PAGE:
Trek Date: November 30th, 2013
I was heading out into the backcountry of Joshua Tree, to a place I'd never been before. I drove down the Geology Tour Road to the Pleasant Valley Backcountry Board, parked my truck, got my gear together and headed east into Fried Liver Wash. After about 100 yards, I went back to the truck and got some more water. I'd be glad later that I did.
The first 2-1/2 miles in, I must admit, is a very pleasant hike. Much of the trail actually follows the old Pleasant Valley Road, and where it disappears I just followed along the wash, keeping the southern base of the Hexie Mountains just off to my left. There are a lot of mines in the Hexie Mountains and I was sorely tempted to veer off and check them out, but prudently decided to save them for my return trip.
My GPS helped me find the spot (33.91619 -116.01019) where an old wagon road begins its northward, zig-zag course up over the top of a high ridge on its way to the Hexahedron Mine. Once again, as I hiked up that road, I marveled about the men who built such roads. Much of the 2-mile-long road has a rock retaining wall on its downslope side, to keep the road from sliding down the mountain during heavy rainfall. It must have taken a long time to build this road. I also wondered if it was any smoother when it was first built, because today it's extremely rocky in many places.
There are some great views along the road, looking out over Pleasant Valley and Fried Liver Wash. The trail gains approximately 850 feet elevation over the two miles to the mine, and even though the weather was cool, I was glad I had brought the extra water as it saved me from attempting to cut open any of the red barrel cactus and steal their moisture (I've only seen that done in movies).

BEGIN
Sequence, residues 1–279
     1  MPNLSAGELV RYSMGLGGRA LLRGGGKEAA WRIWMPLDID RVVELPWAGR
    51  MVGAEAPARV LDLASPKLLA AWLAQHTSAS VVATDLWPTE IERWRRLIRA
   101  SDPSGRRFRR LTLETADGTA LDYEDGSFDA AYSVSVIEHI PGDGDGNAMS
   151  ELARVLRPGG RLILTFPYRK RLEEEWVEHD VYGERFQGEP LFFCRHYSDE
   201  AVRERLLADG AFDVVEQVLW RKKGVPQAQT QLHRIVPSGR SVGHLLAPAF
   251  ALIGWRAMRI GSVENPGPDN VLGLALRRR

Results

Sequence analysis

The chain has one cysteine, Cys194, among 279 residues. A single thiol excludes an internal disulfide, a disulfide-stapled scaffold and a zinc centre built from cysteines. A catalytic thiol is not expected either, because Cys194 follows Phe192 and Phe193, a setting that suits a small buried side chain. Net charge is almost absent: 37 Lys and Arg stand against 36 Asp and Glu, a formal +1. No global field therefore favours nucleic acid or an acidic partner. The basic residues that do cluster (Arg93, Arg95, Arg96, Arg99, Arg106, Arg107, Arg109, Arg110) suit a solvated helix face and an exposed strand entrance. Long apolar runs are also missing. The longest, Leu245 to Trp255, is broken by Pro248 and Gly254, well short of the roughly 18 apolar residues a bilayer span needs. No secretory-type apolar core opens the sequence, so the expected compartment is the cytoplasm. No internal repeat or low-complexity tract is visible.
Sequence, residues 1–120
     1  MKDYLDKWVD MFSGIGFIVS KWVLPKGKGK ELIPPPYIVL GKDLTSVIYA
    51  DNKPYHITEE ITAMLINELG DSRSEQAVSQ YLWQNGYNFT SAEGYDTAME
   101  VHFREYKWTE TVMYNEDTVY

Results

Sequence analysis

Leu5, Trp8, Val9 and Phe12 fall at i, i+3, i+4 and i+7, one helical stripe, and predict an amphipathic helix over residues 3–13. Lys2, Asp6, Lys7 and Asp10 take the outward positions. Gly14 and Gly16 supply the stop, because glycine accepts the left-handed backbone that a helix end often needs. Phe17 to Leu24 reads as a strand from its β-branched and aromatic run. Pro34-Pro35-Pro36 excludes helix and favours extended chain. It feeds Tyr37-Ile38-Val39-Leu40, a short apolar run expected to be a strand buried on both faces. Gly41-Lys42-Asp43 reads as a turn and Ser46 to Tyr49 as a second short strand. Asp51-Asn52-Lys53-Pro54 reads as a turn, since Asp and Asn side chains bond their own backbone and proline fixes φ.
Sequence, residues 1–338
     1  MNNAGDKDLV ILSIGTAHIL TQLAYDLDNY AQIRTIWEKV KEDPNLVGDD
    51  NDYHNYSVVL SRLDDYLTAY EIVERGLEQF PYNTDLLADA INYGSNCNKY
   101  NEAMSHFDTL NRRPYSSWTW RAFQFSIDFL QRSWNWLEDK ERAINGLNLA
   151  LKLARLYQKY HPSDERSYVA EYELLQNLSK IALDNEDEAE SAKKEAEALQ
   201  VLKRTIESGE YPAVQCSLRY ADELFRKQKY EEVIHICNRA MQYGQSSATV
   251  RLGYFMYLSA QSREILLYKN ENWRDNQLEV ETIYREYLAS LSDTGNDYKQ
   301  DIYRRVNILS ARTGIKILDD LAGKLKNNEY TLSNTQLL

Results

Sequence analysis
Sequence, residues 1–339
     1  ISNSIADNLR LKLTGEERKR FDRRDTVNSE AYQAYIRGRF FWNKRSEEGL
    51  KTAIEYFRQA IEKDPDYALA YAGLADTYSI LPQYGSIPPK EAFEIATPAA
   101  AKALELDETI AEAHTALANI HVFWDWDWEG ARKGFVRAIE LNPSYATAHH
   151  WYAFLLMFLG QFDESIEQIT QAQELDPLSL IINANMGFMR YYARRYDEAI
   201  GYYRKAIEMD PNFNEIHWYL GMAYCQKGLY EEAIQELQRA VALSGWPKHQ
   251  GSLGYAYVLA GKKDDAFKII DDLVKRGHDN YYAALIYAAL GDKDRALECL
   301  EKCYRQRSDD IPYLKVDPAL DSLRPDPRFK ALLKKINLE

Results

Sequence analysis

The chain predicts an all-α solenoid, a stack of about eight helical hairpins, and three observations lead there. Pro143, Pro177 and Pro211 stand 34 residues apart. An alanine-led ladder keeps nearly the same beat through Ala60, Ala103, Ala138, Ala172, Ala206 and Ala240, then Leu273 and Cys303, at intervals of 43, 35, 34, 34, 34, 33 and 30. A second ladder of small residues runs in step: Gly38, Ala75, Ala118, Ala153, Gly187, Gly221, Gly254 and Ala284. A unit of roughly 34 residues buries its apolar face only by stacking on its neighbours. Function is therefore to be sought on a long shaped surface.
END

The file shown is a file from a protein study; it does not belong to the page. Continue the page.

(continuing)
When I finally rounded the last bend and had the mine in my sights, I gave a sigh of relief as the rest of the way was slightly downhill. Within another five minutes I had reached an old stone ruin, which was my main objective on this trip. I had seen a picture of it and thought it was pretty cool. The hike from the registration board to the mine took me a little over two hours and my tracking app calculated my distance traveled at 5.43 miles, but I don't think it was actually that far, probably closer to 4.5 miles. And worth every step.
There isn't a lot of information available on the Hexahedron Mine, but according to the scant traces I was able to track down, the mine had its beginnings sometime in the early 1890s. Many of the famous names in J Tree history have been tossed about in relation to this mine: Jep Ryan and his partner Kelsey (of the Lost Horse Mine); Tingman and Holland of Indio; and Bill and John Garrison who apparently formed the Hexahedron Mining Company. The mine was reportedly active in 1907 with a crew of twelve men and mentioned in another report as being owned by the Indio Mining and Milling Company in 1915-16. Rumors of a mill either on site or down the mountain exist, but by 1929 the mine had been abandoned and the mill had been dismantled. The major problem at the location was the lack of water to work the ore; a well had been dug but it never produced enough water for mining operations.